Bio: Intrepid Archaeologist, Traveller & Seeker of knowledge
At present, I am a PhD student at the University of Edinburgh, School of History, Classics and Archaeology investigating seasonal shellfish use during the Later Stone Age of South Africa. My aim is to use stable isotope and sclerochronological analysis to better understand the occupational history of past populations, and the possible seasonal nature of their coastal diet.
I completed a Bachelor of Arts, majoring in Archaeology and Anthropology at the University of Pretoria in 2004. Both my Honours (2005) and Master (2009) degrees in Archaeology dealt with animal utilization practices during the South African Iron Age and reflect my longstanding interest in Archaeozoology.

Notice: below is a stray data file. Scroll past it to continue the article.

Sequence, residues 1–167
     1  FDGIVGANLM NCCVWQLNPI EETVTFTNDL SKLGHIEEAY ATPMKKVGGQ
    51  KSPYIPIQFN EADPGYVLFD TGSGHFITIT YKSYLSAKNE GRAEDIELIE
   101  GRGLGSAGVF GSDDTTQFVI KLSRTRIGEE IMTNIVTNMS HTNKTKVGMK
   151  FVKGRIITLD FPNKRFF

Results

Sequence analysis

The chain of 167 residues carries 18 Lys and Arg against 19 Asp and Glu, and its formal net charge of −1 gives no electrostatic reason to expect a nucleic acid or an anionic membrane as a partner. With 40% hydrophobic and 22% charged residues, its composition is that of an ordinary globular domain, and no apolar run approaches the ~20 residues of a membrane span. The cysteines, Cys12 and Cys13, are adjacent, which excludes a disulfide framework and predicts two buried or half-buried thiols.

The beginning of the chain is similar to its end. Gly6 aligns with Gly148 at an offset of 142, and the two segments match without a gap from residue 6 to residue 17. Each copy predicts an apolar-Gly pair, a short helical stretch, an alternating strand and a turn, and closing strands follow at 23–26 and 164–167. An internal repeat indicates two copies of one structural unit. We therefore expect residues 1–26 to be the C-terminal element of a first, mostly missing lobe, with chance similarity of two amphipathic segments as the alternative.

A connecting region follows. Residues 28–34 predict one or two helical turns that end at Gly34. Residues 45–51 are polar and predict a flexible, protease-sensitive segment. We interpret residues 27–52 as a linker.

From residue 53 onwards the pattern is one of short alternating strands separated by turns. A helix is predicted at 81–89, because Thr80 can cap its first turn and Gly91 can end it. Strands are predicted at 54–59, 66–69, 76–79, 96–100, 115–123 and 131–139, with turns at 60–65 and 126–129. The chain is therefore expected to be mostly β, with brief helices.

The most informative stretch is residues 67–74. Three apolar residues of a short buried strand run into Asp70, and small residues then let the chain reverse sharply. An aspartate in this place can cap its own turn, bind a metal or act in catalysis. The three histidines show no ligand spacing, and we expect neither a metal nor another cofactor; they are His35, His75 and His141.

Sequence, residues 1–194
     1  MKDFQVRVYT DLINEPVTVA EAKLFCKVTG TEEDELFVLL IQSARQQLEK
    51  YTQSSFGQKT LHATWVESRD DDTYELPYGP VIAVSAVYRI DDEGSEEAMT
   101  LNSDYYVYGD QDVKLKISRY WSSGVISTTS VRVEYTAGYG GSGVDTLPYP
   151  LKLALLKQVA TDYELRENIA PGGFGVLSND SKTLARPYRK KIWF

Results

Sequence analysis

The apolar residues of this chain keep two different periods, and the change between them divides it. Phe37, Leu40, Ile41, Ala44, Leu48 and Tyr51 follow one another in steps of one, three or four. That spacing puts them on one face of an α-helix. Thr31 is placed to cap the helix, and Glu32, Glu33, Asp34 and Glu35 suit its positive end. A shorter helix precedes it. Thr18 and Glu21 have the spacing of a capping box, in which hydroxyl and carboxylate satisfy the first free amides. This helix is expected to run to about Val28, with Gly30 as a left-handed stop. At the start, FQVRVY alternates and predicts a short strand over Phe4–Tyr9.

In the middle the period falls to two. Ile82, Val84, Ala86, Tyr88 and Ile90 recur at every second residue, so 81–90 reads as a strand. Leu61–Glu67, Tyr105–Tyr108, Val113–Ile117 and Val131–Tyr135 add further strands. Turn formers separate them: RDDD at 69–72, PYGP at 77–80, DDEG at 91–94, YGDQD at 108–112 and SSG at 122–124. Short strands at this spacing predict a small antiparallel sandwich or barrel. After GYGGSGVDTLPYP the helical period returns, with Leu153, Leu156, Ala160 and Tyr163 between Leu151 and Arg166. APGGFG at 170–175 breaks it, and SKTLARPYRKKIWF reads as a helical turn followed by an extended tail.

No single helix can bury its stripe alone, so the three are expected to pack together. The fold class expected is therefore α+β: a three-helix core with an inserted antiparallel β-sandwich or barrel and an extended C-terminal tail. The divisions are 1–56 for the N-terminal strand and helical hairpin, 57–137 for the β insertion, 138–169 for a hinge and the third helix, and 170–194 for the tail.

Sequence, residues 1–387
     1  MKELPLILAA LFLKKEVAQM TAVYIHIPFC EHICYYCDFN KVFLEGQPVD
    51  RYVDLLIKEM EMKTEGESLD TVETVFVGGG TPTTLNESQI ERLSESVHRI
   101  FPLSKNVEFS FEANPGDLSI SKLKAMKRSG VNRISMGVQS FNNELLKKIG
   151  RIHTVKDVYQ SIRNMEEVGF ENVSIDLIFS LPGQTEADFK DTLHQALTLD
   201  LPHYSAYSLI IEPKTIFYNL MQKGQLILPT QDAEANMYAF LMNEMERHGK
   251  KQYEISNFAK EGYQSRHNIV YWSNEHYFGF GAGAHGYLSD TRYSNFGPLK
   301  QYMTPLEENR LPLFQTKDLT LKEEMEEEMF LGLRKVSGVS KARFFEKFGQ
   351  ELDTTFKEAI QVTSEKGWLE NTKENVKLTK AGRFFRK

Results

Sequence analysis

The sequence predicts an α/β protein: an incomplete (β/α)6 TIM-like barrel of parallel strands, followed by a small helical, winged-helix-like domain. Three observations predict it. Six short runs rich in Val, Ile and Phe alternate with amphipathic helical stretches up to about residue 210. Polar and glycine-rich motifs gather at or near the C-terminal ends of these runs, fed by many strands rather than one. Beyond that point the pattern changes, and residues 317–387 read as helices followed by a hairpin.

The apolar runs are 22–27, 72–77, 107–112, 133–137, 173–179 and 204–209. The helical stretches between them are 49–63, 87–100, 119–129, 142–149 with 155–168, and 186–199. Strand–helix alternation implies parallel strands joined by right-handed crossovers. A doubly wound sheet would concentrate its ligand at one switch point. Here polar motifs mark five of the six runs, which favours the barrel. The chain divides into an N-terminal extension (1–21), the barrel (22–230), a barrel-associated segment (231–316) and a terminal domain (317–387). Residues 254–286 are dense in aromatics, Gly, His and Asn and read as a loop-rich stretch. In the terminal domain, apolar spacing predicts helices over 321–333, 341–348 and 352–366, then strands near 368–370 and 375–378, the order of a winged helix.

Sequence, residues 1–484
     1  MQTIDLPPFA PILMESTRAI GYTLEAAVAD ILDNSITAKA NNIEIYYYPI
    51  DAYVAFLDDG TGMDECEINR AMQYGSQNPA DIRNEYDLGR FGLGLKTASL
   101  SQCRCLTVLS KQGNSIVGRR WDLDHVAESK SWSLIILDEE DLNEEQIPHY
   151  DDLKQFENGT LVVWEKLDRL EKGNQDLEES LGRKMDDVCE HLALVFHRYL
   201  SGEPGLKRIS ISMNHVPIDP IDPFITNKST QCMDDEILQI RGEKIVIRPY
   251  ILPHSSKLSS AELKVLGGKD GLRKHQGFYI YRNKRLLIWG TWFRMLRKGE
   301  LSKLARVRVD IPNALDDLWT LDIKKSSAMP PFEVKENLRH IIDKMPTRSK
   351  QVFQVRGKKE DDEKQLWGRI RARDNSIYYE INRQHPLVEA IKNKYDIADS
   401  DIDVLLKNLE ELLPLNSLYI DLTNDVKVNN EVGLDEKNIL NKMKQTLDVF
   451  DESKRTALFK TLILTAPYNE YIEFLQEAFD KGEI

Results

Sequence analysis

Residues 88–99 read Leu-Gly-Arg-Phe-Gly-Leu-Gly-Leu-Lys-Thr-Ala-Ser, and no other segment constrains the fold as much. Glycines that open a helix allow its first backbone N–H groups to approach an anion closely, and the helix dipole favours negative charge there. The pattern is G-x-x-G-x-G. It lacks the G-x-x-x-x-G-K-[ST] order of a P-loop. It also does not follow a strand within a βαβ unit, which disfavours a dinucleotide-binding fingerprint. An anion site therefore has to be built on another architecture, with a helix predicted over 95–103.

Between 2010-2013 I worked as Research Coordinator and Archaeologist for the Mossel Bay Archaeology Project (MAPCRM cc) under the direction of Prof. Curtis W. Marean. My responsibilities included coordinating research into the Paleoclimate, Paleoenvironment, Paleoecology, and Palaeoanthropology (SACP4) studies on sites along the South African coastline, specifically the Western Cape at sites such as Pinnacle Point. Hence sparking my interest in the exploitation of coastal resources and diets of Stone Age inhabitants that lived along the South African coastline during the Middle- to Late Stone Age.
During my time at MAPCRM cc. I also worked as Archaeology Outreach Program Educator for the Dias Museum Complex, offering curriculum-linked archaeological school presentations and resources for students. In addition to assisting with the amendment and application of the Archaeological Conservation Management Plan for Pinnacle Point as Archaeologist advisory specialist.
During my career I have been involved in various projects and conferences to encourage and support the development of innovative ways to interpret and integrate multidisciplinary research. Thereby promoting data sharing among the academic community, and sharing research outputs with the general public.